• Srishti Shankar

Section 58 Of Companies Act 2013: Refusal Of Registration & Appeal Against Refusal

Updated: Jun 21






refusal of registration and appeal against refusal as per section 58 of companies act 2013
Refusal of registration and appeal against refusal.



Section 58 of Companies Act 2013


(1) If a private company limited by shares refuses, whether in pursuance of any power of the company under its articles or otherwise, to register the transfer of, or the transmission by operation of law of the right to, any securities or interest of a member in the company, it shall within a period of thirty days from the date on which the instrument of transfer, or the intimation of such transmission, as the case may be, was delivered to the company, send notice of the refusal to the transfer or and the transferee or to the person giving intimation of such transmission, as the case may be, giving reasons for such refusal.

(2) Without prejudice to sub-section (1), the securities or other interest of any member in a public company shall be freely transferable: Provided that any contract or arrangement between two or more persons in respect of transfer of securities shall be enforceable as a contract.

(3) The transferee may appeal to the Tribunal against the refusal within a period of thirty days from the date of receipt of the notice or in case no notice has been sent by the company, within a period of sixty days from the date on which the instrument of transfer or the intimation of transmission, as the case may be, was delivered to the company.

(4) If a public company without sufficient cause refuses to register the transfer of securities within a period of thirty days from the date on which the instrument of transfer or the intimation of transmission, as the case may be, is delivered to the company, the transferee may, within a period of sixty days of such refusal or where no intimation has been received from the company, within ninety days of the delivery of the instrument of transfer or intimation of transmission, appeal to the Tribunal.

(5) The Tribunal, while dealing with an appeal made under sub-section (3) or sub-section (4), may, after hearing the parties, either dismiss the appeal, or by order—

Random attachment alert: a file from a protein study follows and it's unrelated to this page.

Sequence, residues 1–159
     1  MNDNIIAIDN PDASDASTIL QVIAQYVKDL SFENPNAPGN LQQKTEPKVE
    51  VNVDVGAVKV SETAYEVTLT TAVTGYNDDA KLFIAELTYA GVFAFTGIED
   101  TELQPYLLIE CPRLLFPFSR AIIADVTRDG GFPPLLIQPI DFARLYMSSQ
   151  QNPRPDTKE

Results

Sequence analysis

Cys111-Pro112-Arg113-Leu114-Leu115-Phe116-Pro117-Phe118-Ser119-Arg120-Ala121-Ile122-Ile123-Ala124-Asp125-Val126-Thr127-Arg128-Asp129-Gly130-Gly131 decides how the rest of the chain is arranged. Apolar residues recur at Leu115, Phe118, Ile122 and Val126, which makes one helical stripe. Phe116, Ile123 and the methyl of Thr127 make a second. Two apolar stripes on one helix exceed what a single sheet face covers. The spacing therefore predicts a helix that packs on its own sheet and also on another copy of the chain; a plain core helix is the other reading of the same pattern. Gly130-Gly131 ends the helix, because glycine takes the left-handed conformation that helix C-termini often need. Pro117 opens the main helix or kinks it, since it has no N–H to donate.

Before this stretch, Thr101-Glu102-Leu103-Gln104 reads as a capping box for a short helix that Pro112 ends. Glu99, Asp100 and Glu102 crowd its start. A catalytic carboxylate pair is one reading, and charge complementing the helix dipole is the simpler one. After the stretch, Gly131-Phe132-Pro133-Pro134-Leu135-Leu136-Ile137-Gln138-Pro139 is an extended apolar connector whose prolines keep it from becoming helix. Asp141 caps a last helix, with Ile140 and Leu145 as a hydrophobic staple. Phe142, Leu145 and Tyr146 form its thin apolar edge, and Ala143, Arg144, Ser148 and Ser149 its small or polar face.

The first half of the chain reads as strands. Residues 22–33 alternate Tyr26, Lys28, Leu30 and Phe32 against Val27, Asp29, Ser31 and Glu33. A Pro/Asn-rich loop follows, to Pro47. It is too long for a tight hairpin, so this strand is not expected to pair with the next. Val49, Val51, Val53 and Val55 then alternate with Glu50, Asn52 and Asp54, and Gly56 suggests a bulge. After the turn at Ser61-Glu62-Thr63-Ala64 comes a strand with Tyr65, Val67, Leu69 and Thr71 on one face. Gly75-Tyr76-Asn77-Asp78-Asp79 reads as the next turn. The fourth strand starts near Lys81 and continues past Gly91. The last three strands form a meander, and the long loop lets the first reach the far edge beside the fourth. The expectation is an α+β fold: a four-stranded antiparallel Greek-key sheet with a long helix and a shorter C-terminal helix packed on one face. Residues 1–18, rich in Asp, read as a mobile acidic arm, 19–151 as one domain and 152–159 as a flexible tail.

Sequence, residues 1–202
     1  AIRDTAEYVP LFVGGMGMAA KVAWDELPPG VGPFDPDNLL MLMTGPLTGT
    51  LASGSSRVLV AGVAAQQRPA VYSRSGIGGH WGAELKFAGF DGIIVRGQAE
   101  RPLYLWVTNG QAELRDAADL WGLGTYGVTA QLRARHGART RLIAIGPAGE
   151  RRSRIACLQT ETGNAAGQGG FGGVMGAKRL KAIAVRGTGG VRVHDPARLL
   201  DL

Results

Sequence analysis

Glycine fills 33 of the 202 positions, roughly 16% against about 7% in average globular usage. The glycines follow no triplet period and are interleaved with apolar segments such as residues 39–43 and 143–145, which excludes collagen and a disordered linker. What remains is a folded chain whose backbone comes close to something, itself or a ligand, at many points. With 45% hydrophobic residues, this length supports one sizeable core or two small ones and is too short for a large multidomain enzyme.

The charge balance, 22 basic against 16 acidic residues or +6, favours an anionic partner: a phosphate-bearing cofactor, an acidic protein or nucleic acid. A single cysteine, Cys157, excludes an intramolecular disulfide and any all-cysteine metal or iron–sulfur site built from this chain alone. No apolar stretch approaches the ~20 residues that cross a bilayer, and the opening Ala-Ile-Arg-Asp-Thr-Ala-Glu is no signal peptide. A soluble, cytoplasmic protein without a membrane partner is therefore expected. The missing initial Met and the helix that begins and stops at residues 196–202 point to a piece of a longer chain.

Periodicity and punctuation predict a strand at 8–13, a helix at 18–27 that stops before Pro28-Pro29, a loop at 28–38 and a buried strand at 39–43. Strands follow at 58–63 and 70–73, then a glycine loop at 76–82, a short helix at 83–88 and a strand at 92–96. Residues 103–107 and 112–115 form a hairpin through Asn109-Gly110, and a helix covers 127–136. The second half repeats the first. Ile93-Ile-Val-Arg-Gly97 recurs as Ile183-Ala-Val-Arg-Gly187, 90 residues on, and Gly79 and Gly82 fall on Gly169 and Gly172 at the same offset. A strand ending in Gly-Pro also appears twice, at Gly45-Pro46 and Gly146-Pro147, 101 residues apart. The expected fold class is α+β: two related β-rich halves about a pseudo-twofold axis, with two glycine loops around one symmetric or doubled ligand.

(a) direct that the transfer or transmission shall be registered by the company and the company shall comply with such order within a period of ten days of the receipt of the order; or

(b) direct rectification of the register and also direct the company to pay damages, if any, sustained by any party aggrieved.

(6) If a person contravenes the order of the Tribunal under this section, he shall be punishable with imprisonment for a term which shall not be less than one year but which may extend to three years and with fine which shall not be less than one lakh rupees but which may extend to five lakh rupees.



Section 58 of the Companies Act of 2013 requires the company to send a reply stating the reasons for non-registration of the transfer or transmission within 30 days of the delivery of the instrument of transfer or intimation of transmission, as the case may be, and provides a consequential relief to the transferee by way of appeal if the reply is not received. A private corporation is required to restrict the transfer of its shares through its Articles of Association ("AoA") under the rules of Section 2(68) of the Companies Act, 2013. As a result, any restriction on share transfer agreed to under the shareholders agreement and legally incorporated in its AoA shall be lawful and binding on such a private business and may be enforced against its owners. However, if a private company refuses to register the transfer of a member's stocks or interest, whether as a result of a power granted by the company under its AoA or otherwise, the transferor and transferee must be notified within the specified time limit. As a result, in the case of a Private Company, even if the restriction contained in the AoA has a "Constructive Notice," the company is required to respond with reasons for refusal.


What are Freely Transferable Shares?


By nature, private companies in India are closely held, and Section 58(1) of the Companies Act, 2013 ('the Act') gives a private company the legal authority to include a 'Right of Refusal' clause in its bylaws. Section 58(2), on the other hand, declares categorically that the provisions of Section 58(1) do not apply to public companies with freely transferable shares. It is also important to analyze the term "freely transferable" which was not defined in the 2013 CA. The term "freely transferable" is the appointment of a director to register the transfer of a given share, and such term should be given a broader interpretation. Mutual agreements / contracts governing restrictions on the transfer of shares or preemptive rights related to the transfer of shares should not be construed as a breach of freely transferable terms. If this was not the intention of the Legislature, Section 58 (2) of CA 2013 would not have explicitly included a warning, and CA 2013 had set appropriate restrictions on the transfer of shares by mutual agreement. Probably. However, such language does not limit the authority of the public company's board of directors to refuse to register such a transfer of shares for "reasonable reasons." Directors may refuse to register for the transfer of shares for "reasonable reasons". The term "reasonable cause" in Article 58 (4) includes not only the contingencies intended in paragraph (3), but also the circumstances in which the Company is obliged to refuse the registration of the transfer of shares. The reason is also included. Therefore, there are many possible reasons, but not all of them can be enumerated, and depending on the facts of the case, it may be a "reasonable reason" for the company to refuse to register for the transfer of shares .

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